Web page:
York Factory was established in 1684 by the Hudson Bay Company as a trading post and quickly grew in importance evolving into the administrative centre for the dozens of trading posts that were developed throughout western Canada over the next 200 years.
In 1810 the Hudson Bay Company formed a new Department called the Northern Department which handled the fur and other trade issues, but also began to handle the immigration which was coming into Rupert's Land.
At its' height, York Factory could boast over 50 buildings all occupied by workers, administrators and traders.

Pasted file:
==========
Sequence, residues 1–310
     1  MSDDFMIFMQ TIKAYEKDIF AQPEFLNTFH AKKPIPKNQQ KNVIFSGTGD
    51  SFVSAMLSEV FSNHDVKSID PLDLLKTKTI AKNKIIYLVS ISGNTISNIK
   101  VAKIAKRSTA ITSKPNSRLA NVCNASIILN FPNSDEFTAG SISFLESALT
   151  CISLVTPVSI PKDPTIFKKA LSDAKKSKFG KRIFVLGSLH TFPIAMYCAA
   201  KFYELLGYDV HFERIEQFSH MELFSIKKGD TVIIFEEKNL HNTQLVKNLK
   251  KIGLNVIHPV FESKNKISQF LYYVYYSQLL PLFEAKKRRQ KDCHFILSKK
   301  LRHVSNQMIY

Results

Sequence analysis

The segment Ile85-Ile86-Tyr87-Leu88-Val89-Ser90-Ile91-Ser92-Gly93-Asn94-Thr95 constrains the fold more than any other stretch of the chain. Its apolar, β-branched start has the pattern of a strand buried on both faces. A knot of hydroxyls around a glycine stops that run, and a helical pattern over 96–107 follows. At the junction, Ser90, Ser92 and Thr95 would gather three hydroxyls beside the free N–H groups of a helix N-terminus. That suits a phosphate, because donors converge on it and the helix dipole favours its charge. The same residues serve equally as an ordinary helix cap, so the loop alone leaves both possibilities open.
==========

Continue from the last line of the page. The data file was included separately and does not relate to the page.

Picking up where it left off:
When the Northwest was handed over to Canada in 1870 and with the building of the railway across Canada, the need and importance of York Factory disappeared and it devolved into the role of just another trading post.
Today it is a Parks Canada National Historic site and in conjunction with the visitors centre in Churchill offers a complete and exciting picture into the history and heritage of the fur trading industry and the Hudson Bay Company.